Jason Barber is a dairy farmer who wanted to make different stuff with milk besides cheese and grocery store milk. Since he was interested in vodka already, he made the illogical connection between the two and started distilling milk vodka. We wish we were in the room with him when he made the decision, not because we want to talk him out of it, but because we can barely imagine a situation where we’re looking between a cow and a bottle of vodka thinking, “hey, wait a minute…”

To make the spirit, the milk is separated into curds and whey, just like your nursery rhymes used to tell you. The curds are taken off to make cheese while the whey is combined with a special yeast for converting the naturally present milk sugars into alcohol. We won’t go step by step, because it’s basically the same as making other types of alcohol and the weird part is right there at the beginning. Where we said milk.

Reviews for the vodka are generally positive. It sounds like a joke, but people actually describe it as a creamier, smoother vodka. If you’re looking to buy, you’ll have to send a message to Black Cow’s sales email, as it seems like there might be a different process if you’re outside the UK. Link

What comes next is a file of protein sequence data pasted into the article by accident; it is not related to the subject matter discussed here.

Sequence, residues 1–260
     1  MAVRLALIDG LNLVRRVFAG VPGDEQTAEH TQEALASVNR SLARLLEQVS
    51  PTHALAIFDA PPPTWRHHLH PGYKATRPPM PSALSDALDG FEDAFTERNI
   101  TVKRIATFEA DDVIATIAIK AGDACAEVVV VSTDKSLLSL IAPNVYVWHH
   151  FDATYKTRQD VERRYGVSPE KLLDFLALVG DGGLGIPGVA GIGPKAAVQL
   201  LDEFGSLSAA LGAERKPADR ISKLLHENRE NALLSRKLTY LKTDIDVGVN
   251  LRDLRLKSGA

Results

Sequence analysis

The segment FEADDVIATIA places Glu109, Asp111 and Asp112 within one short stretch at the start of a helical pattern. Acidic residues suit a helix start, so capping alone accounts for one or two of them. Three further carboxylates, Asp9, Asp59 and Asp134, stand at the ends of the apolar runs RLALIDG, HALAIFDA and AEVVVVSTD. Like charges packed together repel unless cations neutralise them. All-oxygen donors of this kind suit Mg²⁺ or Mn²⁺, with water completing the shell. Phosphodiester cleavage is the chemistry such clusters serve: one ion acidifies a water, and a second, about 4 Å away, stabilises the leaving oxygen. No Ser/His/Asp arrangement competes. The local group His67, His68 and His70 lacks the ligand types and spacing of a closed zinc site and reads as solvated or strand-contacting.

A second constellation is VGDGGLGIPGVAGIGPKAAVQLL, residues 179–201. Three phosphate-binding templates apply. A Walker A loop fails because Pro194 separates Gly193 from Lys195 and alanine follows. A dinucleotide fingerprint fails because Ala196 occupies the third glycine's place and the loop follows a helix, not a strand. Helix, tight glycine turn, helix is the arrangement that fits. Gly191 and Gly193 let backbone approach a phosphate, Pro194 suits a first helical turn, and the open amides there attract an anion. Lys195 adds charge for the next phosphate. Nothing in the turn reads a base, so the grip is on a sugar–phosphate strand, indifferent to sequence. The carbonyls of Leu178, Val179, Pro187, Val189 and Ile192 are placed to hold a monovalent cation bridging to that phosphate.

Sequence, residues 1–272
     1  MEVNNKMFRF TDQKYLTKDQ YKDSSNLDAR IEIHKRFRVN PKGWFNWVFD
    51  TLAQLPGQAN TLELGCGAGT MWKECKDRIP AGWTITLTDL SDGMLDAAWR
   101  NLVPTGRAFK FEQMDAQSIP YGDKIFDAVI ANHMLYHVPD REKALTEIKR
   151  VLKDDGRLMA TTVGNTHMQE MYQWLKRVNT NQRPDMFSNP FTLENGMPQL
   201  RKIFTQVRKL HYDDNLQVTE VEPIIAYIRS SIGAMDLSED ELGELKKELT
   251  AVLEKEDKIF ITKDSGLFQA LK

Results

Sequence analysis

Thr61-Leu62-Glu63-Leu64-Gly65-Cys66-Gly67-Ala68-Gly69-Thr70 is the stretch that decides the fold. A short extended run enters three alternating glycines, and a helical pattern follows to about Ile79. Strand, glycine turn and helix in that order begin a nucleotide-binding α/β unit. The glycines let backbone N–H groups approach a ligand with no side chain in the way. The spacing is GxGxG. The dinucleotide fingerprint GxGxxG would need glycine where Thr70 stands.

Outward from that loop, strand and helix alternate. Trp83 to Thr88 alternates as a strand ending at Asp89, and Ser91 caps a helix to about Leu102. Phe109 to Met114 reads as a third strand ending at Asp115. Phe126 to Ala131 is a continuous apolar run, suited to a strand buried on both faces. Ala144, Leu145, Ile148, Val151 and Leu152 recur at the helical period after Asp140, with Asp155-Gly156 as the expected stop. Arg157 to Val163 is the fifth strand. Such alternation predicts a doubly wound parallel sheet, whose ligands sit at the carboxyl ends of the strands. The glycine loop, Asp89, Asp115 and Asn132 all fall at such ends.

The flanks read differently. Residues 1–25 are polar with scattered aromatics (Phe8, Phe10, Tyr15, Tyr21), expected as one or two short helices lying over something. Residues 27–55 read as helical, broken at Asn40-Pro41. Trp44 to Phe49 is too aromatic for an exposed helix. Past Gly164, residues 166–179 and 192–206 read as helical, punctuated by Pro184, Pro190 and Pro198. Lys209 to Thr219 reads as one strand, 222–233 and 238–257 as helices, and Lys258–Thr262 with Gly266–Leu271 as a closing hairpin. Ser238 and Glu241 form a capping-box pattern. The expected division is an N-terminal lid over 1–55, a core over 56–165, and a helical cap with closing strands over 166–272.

If you thought milk was only going to appear once on this list, we have a surprise for you (everyone who thought milk wasn’t making an appearance are already surprised). The second milk entry, which is a phrase we should have thought more about, comes from a different animal. The bold and noble horse.

If Black Cow is making vodka from milk, then Kumis is milk beer. The main ingredient is horse milk. It’s a little shameful to say, but it never even occurred to us that horses would make milk. Of course they do, since they’re mammals and that’s one of the main things mammals do, we just never looked at a horse and thought it might provide us with something other than transportation. Getting back to our topic, mare’s milk is much higher in sugar content than cow milk and just leaving it to do its thing often achieves the desired result.

Kumis is on the low end of the alcohol scale, coming in at between one and three percent alcohol, making it the horse equivalent of kombucha. It can be distilled to become the stronger arkhi, a drink with twelve percent alcohol content, about the same as some stronger stouts.

We’re talking traditional kumis here, by the way. If you’re getting mass produced kumis, you’re most likely getting fortified cow’s milk, though in this case, corporate cost cutting isn’t the reason. Mare’s milk simply can’t be collected on the scale they’d need for mass production. But the traditional stuff is worth searching for and can most easily be found in rural Mongolia. Kumis is the drink that got Attila the Hun and Genghis Khan their million or so wives and fueled their Central-Asia-based hoards.